FishbowlDC Q&A with Andrew Zimmern

We chatted about the DC food scene, food in politics, the grossest thing he's ever eaten (spoiler alert: it's walnuts), an episode from his new season of Bizarre Foods, as well as a phenomenal MFK.

Travel Channel's Andrew Zimmern, host of Bizarre Foods-2
Travel Channel’s Andrew Zimmern, host of Bizarre Foods.
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International man of mystery and crusader for healthy and sustainable food sources, Andrew Zimmern, is understandably passionate about his job and the culinary world as a whole.

As the host of Travel Channel’s Bizarre Foods, Zimmern has no qualms about presenting viewers with episodes that challenge their palates and perceptions of what a balanced and healthy diet can and should be — while are the same time having loads of fun in the process.

FishbowlDC had the opportunity to speak with this gastronomic giant in our latest Q&A — as we geeked out hard about the DC food scene, food in politics, the grossest thing he’s ever eaten (spoiler alert: it’s walnuts), an episode from his new season of Bizarre Foods, as well as a phenomenal MFK.

Check it out!

FishbowlDC: You named Ethiopian food as your #1 favorite moments from the DC episode, did you have a favorite dish?

Andrew Zimmern: “We ended up cooking in someone’s home and she made a chicken wat that was transcendently other worldly. Ethiopian food is so fantastic. It’s so beautifully flavored. It’s elegant, it’s rich, it’s a tapestry, and it’s really difficult to find the level of cooking that’s appropriate, what it’s potential can be, in restaurants — especially American restaurants.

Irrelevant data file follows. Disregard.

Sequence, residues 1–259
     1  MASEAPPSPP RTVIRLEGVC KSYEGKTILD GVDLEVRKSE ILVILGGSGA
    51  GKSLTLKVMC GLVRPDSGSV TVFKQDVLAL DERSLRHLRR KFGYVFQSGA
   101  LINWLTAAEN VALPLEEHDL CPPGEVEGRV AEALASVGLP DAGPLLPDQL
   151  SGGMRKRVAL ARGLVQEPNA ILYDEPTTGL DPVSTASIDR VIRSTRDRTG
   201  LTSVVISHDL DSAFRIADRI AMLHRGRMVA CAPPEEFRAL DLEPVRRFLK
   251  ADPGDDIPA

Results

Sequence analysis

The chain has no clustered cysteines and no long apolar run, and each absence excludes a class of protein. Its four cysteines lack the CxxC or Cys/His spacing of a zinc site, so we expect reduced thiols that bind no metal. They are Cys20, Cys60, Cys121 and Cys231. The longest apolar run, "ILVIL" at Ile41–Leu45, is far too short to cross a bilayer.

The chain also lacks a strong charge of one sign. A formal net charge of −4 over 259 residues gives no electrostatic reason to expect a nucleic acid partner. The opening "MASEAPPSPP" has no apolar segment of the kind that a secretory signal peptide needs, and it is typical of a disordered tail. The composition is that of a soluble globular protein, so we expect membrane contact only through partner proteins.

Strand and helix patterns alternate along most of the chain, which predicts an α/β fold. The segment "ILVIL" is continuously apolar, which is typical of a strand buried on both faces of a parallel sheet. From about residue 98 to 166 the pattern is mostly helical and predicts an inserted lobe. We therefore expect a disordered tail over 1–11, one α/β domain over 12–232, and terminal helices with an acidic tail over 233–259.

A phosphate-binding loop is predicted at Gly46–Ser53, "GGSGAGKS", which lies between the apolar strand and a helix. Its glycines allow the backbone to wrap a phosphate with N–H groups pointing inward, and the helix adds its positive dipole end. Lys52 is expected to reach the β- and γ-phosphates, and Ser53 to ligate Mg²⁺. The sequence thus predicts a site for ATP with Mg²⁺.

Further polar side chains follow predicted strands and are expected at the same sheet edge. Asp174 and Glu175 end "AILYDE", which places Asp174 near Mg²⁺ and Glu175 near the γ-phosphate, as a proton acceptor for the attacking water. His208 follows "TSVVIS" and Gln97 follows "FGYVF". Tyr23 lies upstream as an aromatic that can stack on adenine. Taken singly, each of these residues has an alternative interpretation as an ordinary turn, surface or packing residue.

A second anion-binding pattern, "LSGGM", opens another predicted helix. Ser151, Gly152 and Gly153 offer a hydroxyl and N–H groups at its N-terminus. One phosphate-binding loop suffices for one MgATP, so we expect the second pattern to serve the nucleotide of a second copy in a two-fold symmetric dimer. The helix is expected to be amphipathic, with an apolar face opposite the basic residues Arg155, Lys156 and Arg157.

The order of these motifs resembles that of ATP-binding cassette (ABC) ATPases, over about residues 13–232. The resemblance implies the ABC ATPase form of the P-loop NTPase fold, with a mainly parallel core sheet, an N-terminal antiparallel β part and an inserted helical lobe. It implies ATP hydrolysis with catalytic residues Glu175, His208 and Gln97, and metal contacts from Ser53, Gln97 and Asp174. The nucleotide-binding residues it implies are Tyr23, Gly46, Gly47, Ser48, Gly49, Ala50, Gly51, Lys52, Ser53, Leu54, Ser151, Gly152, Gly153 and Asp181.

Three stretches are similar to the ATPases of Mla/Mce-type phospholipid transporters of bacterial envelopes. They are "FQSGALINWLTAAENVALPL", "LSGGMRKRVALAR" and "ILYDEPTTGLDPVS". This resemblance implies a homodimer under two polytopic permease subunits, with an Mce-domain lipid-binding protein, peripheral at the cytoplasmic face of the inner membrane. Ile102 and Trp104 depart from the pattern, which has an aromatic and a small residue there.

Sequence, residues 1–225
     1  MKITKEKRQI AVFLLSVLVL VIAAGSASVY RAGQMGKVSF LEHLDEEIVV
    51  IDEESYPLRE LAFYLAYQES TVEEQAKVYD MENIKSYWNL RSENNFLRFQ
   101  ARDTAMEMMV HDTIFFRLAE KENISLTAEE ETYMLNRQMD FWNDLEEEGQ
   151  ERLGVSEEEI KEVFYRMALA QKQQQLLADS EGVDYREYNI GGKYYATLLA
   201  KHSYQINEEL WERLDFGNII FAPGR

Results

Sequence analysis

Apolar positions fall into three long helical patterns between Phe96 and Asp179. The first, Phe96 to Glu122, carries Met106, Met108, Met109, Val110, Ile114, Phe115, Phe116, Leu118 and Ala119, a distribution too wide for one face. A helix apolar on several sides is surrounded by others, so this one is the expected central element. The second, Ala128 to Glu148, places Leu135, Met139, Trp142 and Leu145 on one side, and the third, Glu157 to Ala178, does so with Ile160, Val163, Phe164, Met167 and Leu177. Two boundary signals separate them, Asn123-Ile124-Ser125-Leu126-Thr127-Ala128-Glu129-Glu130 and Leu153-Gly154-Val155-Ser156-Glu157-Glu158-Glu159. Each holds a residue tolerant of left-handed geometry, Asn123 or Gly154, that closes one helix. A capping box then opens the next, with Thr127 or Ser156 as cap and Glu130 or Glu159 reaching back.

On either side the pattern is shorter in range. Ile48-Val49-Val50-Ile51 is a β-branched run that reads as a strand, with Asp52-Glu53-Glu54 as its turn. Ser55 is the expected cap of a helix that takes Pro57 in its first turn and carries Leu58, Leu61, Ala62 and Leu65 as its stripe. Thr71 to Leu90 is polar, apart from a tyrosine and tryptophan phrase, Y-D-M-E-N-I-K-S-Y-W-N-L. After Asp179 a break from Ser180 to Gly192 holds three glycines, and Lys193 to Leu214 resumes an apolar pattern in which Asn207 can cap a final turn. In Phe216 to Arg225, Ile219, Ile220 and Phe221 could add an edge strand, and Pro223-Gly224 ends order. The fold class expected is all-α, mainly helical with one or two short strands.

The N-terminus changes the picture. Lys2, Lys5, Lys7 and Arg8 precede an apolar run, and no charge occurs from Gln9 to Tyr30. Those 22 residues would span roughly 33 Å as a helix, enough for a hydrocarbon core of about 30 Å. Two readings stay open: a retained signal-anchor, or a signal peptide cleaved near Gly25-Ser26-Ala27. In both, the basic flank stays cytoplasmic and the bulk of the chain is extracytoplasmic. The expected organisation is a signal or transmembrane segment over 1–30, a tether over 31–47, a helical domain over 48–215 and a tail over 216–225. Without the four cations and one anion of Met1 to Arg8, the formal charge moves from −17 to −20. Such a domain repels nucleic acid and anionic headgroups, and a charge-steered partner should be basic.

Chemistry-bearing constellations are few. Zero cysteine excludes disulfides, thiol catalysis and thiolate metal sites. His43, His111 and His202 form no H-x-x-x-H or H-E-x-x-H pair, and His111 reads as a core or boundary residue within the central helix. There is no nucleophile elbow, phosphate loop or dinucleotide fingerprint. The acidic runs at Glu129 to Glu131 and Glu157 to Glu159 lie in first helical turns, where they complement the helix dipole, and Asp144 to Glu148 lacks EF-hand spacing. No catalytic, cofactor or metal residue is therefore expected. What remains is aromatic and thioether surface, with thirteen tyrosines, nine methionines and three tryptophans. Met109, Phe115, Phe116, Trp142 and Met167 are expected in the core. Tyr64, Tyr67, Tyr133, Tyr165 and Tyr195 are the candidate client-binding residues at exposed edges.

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Host Andrew Zimmern & local writer Arva Ahmed watch popular Pakistani street dish katakat get made in Dubai’s old quarter
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So much of Ethiopian food is designed out of techniques that are “scoop and serve.” Much in the same way the Southern food icons are best enjoy in what are called “meat free restaurants” – where you eat cafeteria style. You pick the protein and wonder down the line, and pick out three sides and grab your tray and hit the table. When you go to an Ethiopian restaurant, so many of the dishes are very long cooking — stews and braises — and they are layered with a ton technique and ingredients that all take many, many hours to prepare some of these dishes.

Most restaurants make a lot of the food ahead of time, which is totally appropriate, and then when orders come in they can reheat, they can pull something out of an oven, and serve. It doesn’t mean all the food is that way, but a lot of the stuff is. And I think in someone’s home they have a lot more ability to showcase all the nuances of it that is missing in a lot of Ethiopian restaurants I eat.”

FBDC: Was Jose Andres offended when you put him at #2 in your Top 5 for DC?

AZ: “Jose Andres is one of my best friends. He is a colleague. He is a mentor. We were very close. We spent time with his family, and he with mine. So, I understand very well the spirit with which I intended that. If I chose a food experience with him over a family meal at a home in DC, he would probably question that choice.”

FBDC: If you could have a meal with any politician, who would it be?

AZ: “Oh my gosh… Right now? I’m gonna say Hillary Clinton. Well, alive would be Hillary Clinton — just because at the day and time which you’re asking, she is the one I would have the most questions for. So, I  would want to talk to her.

In the ghost category, I would take Teddy Roosevelt because he is so many of the things I aspire to be. He was an international man of mystery back in the days when you could be an international man of mystery. He developed our American park system. He was the first police chief of the city of New York. He was a New Yorker, first and foremost, and the, moved away. And like me, I’m a New Yorker who no longer lives there. He was a hunter, an outdoorsman as I am. He was a thinker. He was dedicated to public service and the idea of civic solutions to political problems, as am I. And I like Teddy Roosevelt.”